Glastonbury Climate Emergency & Resilience

Glastonbury Tor and storm overhead
Glastonbury Tor and storm overhead

In 2019 the UN Secretary-General stated:

it is abundantly clear that climate disruption is happening now and everywhere.

And in 2020, WWF reported that

our planet’s wildlife populations have now plummeted by 68% since 1970.”

In 2019, Glastonbury Town Council declared a climate emergency, and pledged to be carbon neutral by 2030. The next year, the UK was the first country to pass laws to make sure that the country reaches net zero by 2050. This will mean big changes to the way we live. At the same time, our daily lives have been completely disrupted by a virus, as the damage to nature and other difficulties caused by climate change come closer to our door.

This time offers us a new chance to change how we live and work. We can choose to do whatever we can with wisdom, and with kindness for each other, and for nature.

What Glastonbury Town Council is doing

When we looked at the greenhouse gases that Glastonbury Town Council produces, we found that what we do causes roughly 46 tonnes (46,000kg) of carbon dioxide to be released each year. Switching to a renewable electricity supplier has saved 11 tonnes. But the 35 tonnes will be much more difficult. We are starting this work in five areas:

  1. Cut out waste – (Always the first step) Finding ways to use less energy, fuel, materials and water. And to create less waste. GTC has started with an assessment of our carbon dioxide emissions (see CER report), identifying where we can cut waste.We have already saved water by improving toilets and using 5000 litres of rainwater storage for watering plants.
  2. Switch to renewable energy – Switching to electric heating, vehicles, and equipment, so that we can use renewable energy to power them. GTC has switched to 100% renewable energy supplier.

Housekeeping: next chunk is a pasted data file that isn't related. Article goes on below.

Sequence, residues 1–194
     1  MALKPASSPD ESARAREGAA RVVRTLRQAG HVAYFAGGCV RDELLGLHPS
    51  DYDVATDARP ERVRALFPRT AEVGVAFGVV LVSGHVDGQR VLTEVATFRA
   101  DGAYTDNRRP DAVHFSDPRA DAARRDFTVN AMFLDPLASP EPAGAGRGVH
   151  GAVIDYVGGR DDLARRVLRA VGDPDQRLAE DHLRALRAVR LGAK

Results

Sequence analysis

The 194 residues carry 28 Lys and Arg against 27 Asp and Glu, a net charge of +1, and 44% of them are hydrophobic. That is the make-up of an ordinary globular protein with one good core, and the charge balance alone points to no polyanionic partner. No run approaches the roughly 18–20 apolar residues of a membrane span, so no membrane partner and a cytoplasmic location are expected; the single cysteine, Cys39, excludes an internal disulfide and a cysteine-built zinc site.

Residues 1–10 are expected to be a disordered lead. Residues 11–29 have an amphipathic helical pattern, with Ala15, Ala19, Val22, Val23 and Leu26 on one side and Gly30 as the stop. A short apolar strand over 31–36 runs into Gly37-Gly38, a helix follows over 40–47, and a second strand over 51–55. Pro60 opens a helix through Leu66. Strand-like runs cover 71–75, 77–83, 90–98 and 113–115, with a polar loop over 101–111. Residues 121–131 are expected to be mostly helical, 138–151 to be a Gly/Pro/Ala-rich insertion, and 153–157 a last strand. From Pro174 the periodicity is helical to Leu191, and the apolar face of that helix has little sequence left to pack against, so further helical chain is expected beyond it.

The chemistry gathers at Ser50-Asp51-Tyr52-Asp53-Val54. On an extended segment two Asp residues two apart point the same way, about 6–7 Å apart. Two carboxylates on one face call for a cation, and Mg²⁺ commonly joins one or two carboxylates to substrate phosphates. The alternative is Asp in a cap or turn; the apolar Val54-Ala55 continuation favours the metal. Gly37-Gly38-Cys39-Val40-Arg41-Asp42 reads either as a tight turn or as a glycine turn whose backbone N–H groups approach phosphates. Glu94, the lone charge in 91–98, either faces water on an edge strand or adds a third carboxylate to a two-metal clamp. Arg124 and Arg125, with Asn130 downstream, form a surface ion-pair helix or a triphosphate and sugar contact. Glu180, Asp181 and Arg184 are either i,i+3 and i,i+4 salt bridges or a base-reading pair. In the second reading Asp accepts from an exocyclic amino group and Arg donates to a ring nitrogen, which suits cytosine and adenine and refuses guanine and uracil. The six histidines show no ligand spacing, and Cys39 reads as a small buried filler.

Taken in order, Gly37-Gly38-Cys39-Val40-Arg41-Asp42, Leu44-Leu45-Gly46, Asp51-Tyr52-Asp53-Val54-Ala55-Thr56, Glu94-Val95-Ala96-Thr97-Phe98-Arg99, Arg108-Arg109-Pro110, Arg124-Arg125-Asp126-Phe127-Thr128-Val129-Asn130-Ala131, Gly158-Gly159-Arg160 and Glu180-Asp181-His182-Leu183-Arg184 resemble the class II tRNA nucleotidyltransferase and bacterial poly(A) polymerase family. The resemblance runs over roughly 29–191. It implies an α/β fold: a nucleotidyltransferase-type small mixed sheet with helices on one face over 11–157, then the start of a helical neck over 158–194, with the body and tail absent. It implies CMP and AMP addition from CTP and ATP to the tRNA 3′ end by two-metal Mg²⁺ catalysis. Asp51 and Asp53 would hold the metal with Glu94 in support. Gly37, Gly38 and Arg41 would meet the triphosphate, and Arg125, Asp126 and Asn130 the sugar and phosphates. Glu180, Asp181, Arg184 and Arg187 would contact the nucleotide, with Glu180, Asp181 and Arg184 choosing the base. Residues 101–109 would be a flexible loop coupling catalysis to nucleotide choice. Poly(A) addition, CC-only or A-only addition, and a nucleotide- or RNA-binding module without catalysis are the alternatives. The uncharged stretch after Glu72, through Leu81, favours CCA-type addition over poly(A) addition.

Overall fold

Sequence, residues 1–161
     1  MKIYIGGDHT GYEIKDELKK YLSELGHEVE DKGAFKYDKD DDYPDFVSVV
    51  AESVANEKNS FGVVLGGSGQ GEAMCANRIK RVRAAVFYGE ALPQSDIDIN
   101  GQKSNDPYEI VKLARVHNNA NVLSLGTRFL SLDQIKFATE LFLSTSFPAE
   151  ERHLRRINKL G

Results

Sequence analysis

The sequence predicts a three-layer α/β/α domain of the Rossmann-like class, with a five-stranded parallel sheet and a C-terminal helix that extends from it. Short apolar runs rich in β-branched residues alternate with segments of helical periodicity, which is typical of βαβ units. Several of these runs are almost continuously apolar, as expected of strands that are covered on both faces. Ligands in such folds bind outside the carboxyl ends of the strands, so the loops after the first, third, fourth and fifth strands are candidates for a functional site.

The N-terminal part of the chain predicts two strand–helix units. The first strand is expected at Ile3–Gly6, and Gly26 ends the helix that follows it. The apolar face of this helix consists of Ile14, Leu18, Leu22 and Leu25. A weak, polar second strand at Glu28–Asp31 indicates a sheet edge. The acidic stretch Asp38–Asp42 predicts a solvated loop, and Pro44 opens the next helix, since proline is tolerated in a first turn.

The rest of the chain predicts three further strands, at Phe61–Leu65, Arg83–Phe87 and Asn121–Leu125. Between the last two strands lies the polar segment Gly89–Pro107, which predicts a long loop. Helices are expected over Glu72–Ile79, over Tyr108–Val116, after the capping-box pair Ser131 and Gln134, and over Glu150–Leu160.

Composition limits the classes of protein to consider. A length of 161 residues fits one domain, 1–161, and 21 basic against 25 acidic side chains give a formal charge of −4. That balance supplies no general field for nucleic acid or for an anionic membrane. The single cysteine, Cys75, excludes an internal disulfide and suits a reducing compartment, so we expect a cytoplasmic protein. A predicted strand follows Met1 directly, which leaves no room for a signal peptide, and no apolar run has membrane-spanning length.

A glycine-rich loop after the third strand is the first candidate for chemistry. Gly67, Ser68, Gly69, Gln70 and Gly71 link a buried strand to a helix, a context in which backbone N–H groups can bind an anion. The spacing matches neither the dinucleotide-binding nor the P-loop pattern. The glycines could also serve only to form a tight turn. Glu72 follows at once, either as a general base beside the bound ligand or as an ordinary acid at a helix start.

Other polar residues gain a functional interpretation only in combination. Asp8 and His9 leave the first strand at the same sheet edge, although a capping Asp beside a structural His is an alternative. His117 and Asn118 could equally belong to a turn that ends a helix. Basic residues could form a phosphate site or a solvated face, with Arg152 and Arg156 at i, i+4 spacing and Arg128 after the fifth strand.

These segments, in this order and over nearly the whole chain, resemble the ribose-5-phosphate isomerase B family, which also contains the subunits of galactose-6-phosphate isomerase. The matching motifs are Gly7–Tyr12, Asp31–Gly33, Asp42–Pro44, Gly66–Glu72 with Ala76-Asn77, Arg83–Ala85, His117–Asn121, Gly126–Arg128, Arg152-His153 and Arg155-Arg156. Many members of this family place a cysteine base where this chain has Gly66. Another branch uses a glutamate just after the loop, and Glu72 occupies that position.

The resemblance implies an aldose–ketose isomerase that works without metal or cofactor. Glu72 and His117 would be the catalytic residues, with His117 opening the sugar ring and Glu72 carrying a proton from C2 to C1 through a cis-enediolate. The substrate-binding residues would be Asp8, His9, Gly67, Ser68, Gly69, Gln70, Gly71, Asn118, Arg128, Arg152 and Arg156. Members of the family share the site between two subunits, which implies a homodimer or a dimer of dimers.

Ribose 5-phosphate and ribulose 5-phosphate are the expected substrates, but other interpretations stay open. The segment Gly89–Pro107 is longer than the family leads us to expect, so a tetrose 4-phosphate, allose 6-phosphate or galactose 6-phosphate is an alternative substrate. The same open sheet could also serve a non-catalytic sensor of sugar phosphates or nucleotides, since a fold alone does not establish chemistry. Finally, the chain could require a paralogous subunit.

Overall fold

3. Support nature – Protecting and restoring forests, peatlands, wetlands, soils, water, and other natural systems. GTC has planted hedges in Herbies field, plus trees there and around the town centre. We have also made our planting areas Glyphosate free zones, by introducing a new weed control system.
  4. Share – Telling people about what works, supporting community groups, buying local, switching to ethical suppliers and banks, pushing government for support. This website is the first step in GTC’s aim to share experience and expertise to the wider community, and support community groups.
  5. Prepare for the changes ahead – Plan ways to protect the town from flooding, storms and other impacts. Support community groups, and individuals, to cope with coming changes. The town Investment Plan offers many opportunities for this work. By planning renovations of buildings and services, GTC is protecting them from future climate impacts. By improving communications and support, we aim to help people to prepare for the changes ahead.

Download:

  • Climate Emergency & Resilience Report

    2021-04-28 Climate Emergency Report

  • CER Presentation

    2021-04-28 Climate Emergency Report presentation slides

  • Glastonbury Charter for the Environment

    Adopted-Revised-Charter-for-the-Environment-2018-2019

What the Climate Emergency Advisory Committee (CEAC) is doing

Tree Planting
Tree Planting